More than 10% of U.S. refining capacity is clustered near the Texas-Louisiana border. Gas flares fire at the Phillips 66 refinery in Lake Charles, La., on Aug. 26.

Photo: Bryan Tarnowski/Bloomberg News

Hurricane Laura appeared to narrowly miss the heart of America’s fuel-making and chemicals infrastructure along the Gulf Coast, where companies and officials were assessing damage Thursday morning.

The hurricane made landfall overnight in southwestern Louisiana with wind speeds of around 150 miles an hour, according to the National Hurricane Center. The storm has weakened since moving inland.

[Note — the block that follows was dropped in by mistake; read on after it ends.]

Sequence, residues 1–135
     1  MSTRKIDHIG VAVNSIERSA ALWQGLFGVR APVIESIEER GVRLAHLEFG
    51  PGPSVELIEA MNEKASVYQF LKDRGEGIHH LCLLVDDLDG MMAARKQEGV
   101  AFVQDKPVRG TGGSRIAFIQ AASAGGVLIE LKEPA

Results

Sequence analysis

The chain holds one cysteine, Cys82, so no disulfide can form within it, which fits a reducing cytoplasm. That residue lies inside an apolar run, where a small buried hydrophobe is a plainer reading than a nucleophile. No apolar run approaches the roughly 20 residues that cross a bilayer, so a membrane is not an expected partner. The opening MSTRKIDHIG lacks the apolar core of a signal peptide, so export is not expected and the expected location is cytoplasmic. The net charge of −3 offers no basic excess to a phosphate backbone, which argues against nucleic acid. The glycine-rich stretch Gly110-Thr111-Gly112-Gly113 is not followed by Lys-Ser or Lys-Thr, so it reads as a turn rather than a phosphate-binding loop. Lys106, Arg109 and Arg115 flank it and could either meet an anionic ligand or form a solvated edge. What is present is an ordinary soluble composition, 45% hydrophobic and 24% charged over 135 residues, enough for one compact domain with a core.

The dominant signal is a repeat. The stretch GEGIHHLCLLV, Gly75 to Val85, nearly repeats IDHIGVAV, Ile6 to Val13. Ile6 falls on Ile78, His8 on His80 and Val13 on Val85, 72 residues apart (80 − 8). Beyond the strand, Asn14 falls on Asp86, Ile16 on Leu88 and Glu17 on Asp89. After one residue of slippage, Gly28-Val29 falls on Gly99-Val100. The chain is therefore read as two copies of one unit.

While the storm’s path just east of the Texas-Louisiana border missed the heaviest concentration of energy facilities in the Beaumont-Port Arthur area, the harder-hit Louisiana side is also home to refineries and natural gas export facilities. Their condition was unclear Thursday morning.

More than 10% of U.S. refining capacity, capable of processing more than two million barrels of oil a day, is clustered near the Texas-Louisiana border around Lake Charles, La., according to Mizuho Securities USA LLC.

In the Port Arthur, Texas, area, Saudi Arabian Oil Co.’s Motiva facility, the nation’s largest refinery, was among those shutting down in advance of the storm. Total SA and Valero Energy Corp. also said they were closing nearby fuel-making facilities.